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Famous American Novelist Roundly Criticized for Remarks on Pledge of Allegiance, Southern Schools

Award-winning novelist Joyce Carol Oates came under fire after publishing controversial comments about the Pledge of Allegiance and Southern schools.

“In all my years of being in school as a student and as a teacher, I have never once seen anyone swear allegiance to a flag. Maybe some schools in the South? Certainly not in North America. Sounds like an old rerun of ‘Gunsmoke.'” Joyce Carol Oates tweeted on Saturday.

In all my years of being in school as a student and as a teacher, I have never seen anyone swear allegiance to a flag. maybe some southern schools? certainly not mainstream America. it looks like an old “Gunsmoke” rerun.u201d

— Joyce Carol Oates (@Joyce Carol Oates) 1682795854

The Academy of Achievement calls Oates, a prolific National Book Award-winning author, “America’s foremost woman of letters.” He received the National Humanities Medal for lifetime contributions to American literature in 2010 during the Obama administration.

Twitter users were quick to correct and challenge Oates, 84, despite his undisputed literary bona fides.

“My kids do that every day in Virginia. Maybe you live in a cave?” said one.

“My kids school does (in the very affluent suburbs of Washington DC.),” said another.

“California Education Code § 52720 has required daily patriotic exercise such as reciting the Pledge in public schools since 1976,” said a third.

One Twitter user called the assumptions underlying Oates’ comments “ugly and bigoted”.

Not to be outdone, Oates doubled down. Retweeting one person who called the practice “stupid,” Oates suggested that an “enthusiastic patriotic response to 9/11” might explain the common practice.

“Especially when everyone was feeling relatively helpless, traumatized by the terrorist attack, uniting students in pledges with a flag would seem to have a positive effect,” he wrote.

This might explain it: a zealous patriotic response to 9/11. nEspecially when everyone was feeling relatively helpless, traumatized by the terrorist attack, uniting students in pledges with a flag would seem to have a positive effect.u201d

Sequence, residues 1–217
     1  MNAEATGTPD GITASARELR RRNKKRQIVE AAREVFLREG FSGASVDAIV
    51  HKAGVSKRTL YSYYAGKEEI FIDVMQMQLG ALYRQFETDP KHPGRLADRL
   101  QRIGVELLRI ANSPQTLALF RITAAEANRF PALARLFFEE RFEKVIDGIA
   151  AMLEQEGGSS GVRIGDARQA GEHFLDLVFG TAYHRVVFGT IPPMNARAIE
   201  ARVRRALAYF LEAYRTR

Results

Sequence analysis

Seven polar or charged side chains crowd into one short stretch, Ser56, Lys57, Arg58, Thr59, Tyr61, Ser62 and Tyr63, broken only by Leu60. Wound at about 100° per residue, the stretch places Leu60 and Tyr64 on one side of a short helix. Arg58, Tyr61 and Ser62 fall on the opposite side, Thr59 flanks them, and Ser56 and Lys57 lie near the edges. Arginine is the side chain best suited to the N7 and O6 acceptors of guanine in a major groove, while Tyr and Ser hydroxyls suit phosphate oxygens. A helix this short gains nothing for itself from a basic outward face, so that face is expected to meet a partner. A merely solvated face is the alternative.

— Joyce Carol Oates (@Joyce Carol Oates) 1682807861

Oates said she was “sure” her high school in a “wealthy suburb of Buffalo” didn’t require the recitation until “possibly after 9/11.”

Once again, he seemed to continue to labor under the mistaken assumption that requirements involving reciting the Pledge are somehow limited to Southern schools.

I’m pretty sure my high school in an affluent suburb of Buffalo didn’t require it until possibly after 9/11, many years after I went there. promise appears to be a local option in 2023, at least in non-Southern states.u201d

— Joyce Carol Oates (@Joyce Carol Oates) 1682811773

A few hours after his original tweet, Oates’ tone seemed to soften a bit. He acknowledged the respondents’ numerous corrections to past pledge-related practices. However, apparently unclear about current practices, he then asked questions about whether it is common practice to recite the Pledge of Allegiance in school today.

Many respondents to this tweet say that yes, they did have to “pledge allegiance” to the US flag at school. is it still required today? guess it’s state by state? public school? private? a parish school day begins with prayer too.u201d

— Joyce Carol Oates (@Joyce Carol Oates) 1682807560

School children reciting the Pledge of Allegiance daily is quite common. Students are required to recite the Pledge of Allegiance in 47 states, with opt-out exemptions varying by state, WVIB reported. The three states without a policy of reciting the Pledge are Wyoming, Vermont and Hawaii.

Oates is currently a full professor at the Lewis Center Program in Creative Writing at Princeton University in New Jersey.

New Jersey law requires boards of education to require students to salute the flag and recite the Pledge of Allegiance every school day, according to FindLaw. Students who “have scruples of conscience against such pledge or salute” are exempt from the requirement.

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